Thursday, August 13, 2009

Echo Chamber

Ed Brayton lambasts Investors Business Daily for this quote:

People such as scientist Stephen Hawking wouldn't have a chance in the U.K., where the National Health Service would say the life of this brilliant man, because of his physical handicaps, is essentially worthless.

He says:

There's just one tiny little problem with this: Stephen Hawking was born and raised in the UK and has lived there all his life. He teaches at Cambridge. That's in the UK. This ranks up there with the French not having a word for entrepreneur.

The IBD has already corrected the article, and noted the correction (which is crucial to honesty) but I think their editors missed a crucial word:  “Now”.

According to Wikipedia Hawking was diagnosed at the age of 21.  He was born in 1942, and so his diagnosis came in 1963.  Ed and his commenters seem to be assuming that the British NHS has remained unchanged since it’s inception in 1948.  It should be elementary to assume that there have been some significant changes in even the 46 years since Hawking’s diagnosis.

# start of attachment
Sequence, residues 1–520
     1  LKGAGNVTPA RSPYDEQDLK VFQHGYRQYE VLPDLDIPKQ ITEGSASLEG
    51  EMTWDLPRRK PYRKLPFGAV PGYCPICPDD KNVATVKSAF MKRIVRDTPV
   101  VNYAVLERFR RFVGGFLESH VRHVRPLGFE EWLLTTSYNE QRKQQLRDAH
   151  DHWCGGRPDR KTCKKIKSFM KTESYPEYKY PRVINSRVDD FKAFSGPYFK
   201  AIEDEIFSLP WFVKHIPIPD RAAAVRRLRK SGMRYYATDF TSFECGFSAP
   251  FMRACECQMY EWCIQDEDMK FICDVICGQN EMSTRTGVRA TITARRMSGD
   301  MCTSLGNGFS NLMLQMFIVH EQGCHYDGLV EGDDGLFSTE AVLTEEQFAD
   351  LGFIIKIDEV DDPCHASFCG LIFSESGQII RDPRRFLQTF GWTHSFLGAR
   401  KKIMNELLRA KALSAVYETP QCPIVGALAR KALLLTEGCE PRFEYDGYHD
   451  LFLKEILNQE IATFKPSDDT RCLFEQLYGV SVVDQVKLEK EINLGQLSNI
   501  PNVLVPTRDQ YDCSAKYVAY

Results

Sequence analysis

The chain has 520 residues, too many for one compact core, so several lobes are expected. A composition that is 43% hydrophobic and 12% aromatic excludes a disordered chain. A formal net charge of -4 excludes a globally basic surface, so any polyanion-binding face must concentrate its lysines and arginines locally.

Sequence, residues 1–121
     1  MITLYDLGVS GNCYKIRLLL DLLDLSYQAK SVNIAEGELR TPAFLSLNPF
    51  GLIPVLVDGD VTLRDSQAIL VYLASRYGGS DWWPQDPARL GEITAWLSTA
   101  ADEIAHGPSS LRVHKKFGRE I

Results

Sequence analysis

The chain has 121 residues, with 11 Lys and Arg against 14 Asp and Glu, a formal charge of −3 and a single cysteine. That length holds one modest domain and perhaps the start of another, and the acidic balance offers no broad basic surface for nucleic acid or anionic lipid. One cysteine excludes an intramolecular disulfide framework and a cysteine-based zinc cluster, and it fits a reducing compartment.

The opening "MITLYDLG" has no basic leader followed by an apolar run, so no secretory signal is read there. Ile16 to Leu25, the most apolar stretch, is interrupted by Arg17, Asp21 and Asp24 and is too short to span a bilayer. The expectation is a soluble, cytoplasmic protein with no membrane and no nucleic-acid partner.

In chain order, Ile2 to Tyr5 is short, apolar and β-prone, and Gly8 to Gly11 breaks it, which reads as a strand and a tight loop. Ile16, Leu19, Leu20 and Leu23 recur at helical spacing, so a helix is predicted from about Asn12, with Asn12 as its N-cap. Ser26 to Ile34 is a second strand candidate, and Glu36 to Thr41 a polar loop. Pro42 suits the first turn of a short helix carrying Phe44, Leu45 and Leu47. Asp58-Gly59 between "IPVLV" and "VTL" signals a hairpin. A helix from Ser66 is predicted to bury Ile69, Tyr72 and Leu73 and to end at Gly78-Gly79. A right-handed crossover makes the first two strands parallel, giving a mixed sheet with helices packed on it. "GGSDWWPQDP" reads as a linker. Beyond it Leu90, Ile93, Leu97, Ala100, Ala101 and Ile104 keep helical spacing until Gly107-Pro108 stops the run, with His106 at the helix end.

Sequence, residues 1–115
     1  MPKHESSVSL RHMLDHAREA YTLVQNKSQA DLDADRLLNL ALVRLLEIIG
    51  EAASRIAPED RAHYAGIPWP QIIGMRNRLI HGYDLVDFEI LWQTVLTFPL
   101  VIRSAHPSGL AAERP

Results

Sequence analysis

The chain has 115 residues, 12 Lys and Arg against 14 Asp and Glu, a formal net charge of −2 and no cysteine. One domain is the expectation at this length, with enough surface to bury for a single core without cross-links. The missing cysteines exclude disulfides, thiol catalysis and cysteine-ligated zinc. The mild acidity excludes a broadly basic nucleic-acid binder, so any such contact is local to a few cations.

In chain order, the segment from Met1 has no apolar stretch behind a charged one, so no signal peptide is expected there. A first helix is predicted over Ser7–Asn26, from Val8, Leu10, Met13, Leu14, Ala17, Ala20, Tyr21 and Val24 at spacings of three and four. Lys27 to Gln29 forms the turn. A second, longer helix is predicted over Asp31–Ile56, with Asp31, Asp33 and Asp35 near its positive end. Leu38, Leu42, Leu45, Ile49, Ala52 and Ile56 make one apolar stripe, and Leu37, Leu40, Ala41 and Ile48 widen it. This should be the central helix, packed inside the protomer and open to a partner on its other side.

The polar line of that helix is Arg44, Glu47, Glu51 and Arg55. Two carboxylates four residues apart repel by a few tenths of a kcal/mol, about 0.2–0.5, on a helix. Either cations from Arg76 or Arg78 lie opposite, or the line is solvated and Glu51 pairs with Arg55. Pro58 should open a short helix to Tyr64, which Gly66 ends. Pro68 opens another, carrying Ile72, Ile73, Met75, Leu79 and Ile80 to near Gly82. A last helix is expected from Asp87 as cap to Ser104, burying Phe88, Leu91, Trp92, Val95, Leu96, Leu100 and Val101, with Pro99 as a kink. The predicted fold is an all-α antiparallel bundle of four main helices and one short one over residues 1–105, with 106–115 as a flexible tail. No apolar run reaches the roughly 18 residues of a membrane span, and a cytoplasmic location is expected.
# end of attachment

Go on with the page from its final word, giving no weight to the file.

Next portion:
And there are more changes on the way.  Ask yourself:  Are you healthy enough to be denied health care by a government source with no other recourse?

One commenter hits the nail on the head:

Actually, on reflection, I'm going to be scrupulously fair to the Investor's Business Daily. Stephen Hawking, IIRC from a documentary I saw a while back, does not rely solely on the NHS for his treatment. As a wealthy individual (thanks to being a best-selling author), he is in a position where he can employ a live-in nurse to cater to his needs and thus the care he receives is not necessarily typical for a Motor Neurone Disease sufferer in the UK.

He does go on to mention that his own father has no complaints about his care under the NHS.  That’s fantastic, but again the question is “would he get that care if newly diagnosed?”

Honestly, I don’t think Hawking is the best example anyway.  His father was a doctor, and in many ways he was born as part of the upper class.  He went to Oxford, for crying out loud. 

So here’s a question for you intrepid class-warriors out there:  Would a Down Syndrome baby born to an immigrant, low income mother get the same treatment?  If you think the answer is yes, you haven’t been paying attention.